Interaction of implantable defibrillator therapy with angiotensin-converting enzyme deletion/insertion polymorphism

J Cardiovasc Electrophysiol. 2004 Oct;15(10):1162-6. doi: 10.1046/j.1540-8167.2004.03609.x.


Introduction: The angiotensin-converting enzyme deletion allele (ACE D) decreases survival in patients with advanced heart failure. Whether the adverse impact on survival reflects an increased risk of pump failure or arrhythmic sudden death remains uncertain. If the ACE D genotype increases the risk of sudden death, implantable cardioverter defibrillator (ICD) therapy should diminish its negative impact. We sought to evaluate the effect of ICD therapy on ACE D genetic risk.

Methods and results: The Genetic Risk Assessment of Cardiac Events (GRACE) study enrolled 479 patients at the University of Pittsburgh between 1996 and 2001. Blood was genotyped for the ACE D/I (deletion/insertion) polymorphism. Of the 479 patients, 82 (77% male, 84% Caucasian, age 56 +/- 11 years, 60% ischemic, left ventricular ejection fraction 0.23 +/- 0.08) received an ICD and were selected for outcomes analysis (mean follow-up 871 +/- 538 days). Transplant-free survival and survival alone were compared in ACE DD patients (n = 24, 29%) versus ACE DI/II patients (n = 58, 71%). Survival was significantly improved in ACE DI/II patients compared to those without an ICD (1 year: 93% vs 87%; 2 year: 89% vs 77%; P = 0.02) but not in ACE DD patients. Transplant-free survival among patients with an ICD was significantly worse in ACE DD versus ACE DI/II (1 year: 67% vs 88%, 2 year: 55% vs 80%, P = 0.03). Analysis of survival as a single endpoint revealed a similar result (1 year = 78% vs 94%; 2 year: 72% vs 88%; P = 0.05). ICD telemetry data showed a nonsignificant trend toward fewer individuals with arrhythmias in the ACE-DD group (46% vs 65%, P = 0.22)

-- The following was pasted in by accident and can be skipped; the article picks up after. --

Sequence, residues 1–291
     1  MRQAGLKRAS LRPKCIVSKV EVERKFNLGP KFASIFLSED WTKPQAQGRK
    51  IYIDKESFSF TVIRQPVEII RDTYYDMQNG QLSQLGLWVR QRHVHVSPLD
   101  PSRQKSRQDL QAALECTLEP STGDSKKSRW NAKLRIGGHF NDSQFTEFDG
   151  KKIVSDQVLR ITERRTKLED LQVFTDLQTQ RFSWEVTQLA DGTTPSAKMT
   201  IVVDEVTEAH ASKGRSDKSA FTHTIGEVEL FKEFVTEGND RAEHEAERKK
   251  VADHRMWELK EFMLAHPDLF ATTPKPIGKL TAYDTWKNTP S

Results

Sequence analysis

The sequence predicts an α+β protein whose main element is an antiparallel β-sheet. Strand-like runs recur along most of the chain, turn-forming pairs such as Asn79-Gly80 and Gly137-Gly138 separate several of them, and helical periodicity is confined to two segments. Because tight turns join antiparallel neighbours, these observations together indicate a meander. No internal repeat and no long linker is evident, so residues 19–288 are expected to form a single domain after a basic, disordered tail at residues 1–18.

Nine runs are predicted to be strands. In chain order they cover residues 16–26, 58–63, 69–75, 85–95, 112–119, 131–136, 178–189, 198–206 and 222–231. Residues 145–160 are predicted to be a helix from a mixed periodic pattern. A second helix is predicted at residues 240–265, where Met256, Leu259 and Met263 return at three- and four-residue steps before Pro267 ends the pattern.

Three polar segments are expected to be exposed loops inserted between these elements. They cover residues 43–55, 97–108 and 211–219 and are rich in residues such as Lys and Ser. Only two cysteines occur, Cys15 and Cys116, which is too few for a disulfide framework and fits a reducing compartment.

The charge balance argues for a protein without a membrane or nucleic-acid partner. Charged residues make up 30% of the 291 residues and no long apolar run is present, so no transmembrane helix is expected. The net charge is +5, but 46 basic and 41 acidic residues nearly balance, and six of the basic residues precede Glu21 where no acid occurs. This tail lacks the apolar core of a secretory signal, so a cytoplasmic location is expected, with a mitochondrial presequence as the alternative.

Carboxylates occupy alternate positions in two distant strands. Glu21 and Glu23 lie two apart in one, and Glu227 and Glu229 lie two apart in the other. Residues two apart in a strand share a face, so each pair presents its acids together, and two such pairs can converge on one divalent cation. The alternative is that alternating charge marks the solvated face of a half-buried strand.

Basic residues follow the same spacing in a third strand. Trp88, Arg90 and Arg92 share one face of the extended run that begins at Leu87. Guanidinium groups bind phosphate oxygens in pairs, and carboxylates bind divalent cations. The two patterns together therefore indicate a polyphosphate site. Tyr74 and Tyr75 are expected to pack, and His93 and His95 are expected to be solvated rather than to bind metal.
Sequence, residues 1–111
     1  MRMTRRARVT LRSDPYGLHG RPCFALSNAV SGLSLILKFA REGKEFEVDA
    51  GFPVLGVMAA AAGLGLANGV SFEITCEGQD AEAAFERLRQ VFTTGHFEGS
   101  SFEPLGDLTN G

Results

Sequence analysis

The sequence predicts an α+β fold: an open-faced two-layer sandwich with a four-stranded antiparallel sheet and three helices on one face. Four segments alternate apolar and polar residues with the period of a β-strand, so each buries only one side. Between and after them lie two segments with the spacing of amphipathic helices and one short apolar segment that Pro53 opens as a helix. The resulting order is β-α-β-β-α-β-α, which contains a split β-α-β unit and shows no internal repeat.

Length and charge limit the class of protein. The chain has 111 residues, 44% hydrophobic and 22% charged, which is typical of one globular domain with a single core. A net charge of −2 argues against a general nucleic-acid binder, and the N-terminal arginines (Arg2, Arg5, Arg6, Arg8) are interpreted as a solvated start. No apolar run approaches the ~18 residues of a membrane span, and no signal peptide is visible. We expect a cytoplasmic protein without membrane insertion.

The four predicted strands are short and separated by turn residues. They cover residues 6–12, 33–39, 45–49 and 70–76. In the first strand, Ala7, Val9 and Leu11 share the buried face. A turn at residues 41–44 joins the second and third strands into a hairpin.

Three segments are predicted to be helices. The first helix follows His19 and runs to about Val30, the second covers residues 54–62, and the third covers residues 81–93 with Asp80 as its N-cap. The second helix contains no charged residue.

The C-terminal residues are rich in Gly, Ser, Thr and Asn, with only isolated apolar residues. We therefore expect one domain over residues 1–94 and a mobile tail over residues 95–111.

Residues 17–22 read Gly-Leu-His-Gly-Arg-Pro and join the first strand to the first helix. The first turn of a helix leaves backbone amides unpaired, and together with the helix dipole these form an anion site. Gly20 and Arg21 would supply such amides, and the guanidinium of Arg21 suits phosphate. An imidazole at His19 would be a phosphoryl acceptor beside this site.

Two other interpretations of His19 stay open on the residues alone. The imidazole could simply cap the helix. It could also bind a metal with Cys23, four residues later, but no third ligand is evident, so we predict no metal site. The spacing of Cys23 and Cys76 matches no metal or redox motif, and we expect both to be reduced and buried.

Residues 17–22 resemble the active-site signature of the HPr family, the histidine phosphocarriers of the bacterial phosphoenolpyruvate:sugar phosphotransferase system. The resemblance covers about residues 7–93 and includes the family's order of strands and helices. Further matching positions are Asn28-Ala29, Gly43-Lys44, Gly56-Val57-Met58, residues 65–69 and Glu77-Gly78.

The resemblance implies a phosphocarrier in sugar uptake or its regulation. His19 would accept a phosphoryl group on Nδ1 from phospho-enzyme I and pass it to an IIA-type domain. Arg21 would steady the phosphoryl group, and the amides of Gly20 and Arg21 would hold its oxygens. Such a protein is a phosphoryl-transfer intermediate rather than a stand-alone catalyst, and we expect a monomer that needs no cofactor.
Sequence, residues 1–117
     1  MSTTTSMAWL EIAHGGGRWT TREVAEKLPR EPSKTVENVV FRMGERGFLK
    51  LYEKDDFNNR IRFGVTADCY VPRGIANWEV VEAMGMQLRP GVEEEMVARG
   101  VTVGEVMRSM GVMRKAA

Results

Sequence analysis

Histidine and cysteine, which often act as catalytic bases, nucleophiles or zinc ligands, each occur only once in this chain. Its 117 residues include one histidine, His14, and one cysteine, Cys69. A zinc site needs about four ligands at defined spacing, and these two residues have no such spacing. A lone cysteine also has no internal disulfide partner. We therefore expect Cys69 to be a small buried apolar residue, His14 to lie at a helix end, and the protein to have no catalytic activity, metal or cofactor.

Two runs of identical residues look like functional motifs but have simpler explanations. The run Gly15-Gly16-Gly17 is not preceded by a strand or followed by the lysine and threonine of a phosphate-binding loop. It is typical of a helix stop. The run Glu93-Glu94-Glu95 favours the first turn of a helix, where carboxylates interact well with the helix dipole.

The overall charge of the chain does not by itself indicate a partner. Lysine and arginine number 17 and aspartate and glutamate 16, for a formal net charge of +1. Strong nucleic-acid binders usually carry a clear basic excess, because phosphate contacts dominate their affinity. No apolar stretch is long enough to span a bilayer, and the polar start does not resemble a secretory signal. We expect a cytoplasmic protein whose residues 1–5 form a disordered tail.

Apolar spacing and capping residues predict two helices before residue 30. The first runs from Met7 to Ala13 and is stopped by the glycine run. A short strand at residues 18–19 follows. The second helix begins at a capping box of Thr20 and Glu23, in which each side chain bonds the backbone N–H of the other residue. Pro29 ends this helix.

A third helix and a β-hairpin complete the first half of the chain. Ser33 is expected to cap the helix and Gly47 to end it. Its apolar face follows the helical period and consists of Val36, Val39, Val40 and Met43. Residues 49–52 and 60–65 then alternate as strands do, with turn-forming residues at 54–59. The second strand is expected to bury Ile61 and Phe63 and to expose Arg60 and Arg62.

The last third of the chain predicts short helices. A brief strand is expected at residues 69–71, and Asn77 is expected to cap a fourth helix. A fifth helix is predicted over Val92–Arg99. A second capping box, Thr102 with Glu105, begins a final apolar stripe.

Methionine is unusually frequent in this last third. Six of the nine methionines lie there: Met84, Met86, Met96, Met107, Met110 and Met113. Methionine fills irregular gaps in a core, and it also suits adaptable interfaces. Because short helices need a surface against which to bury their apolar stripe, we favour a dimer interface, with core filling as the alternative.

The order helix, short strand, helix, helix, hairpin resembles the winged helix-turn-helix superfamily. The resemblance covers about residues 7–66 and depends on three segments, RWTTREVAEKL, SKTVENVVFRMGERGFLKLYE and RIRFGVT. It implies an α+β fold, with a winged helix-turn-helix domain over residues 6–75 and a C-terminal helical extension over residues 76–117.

Conclusion: ICDs do not diminish the adverse influence of the ACE DD genotype on survival. This finding suggests that mortality in this high-risk genetic subset of patients is due to progression of heart failure rather than arrhythmic sudden death.

Publication types

  • Research Support, U.S. Gov't, P.H.S.

MeSH terms

  • Alleles
  • Arrhythmias, Cardiac / mortality*
  • Arrhythmias, Cardiac / therapy*
  • Death, Sudden, Cardiac
  • Defibrillators, Implantable*
  • Female
  • Gene Deletion
  • Genotype
  • Humans
  • Male
  • Middle Aged
  • Peptidyl-Dipeptidase A / genetics*
  • Polymorphism, Genetic
  • Survival Rate
  • Telemetry


  • Peptidyl-Dipeptidase A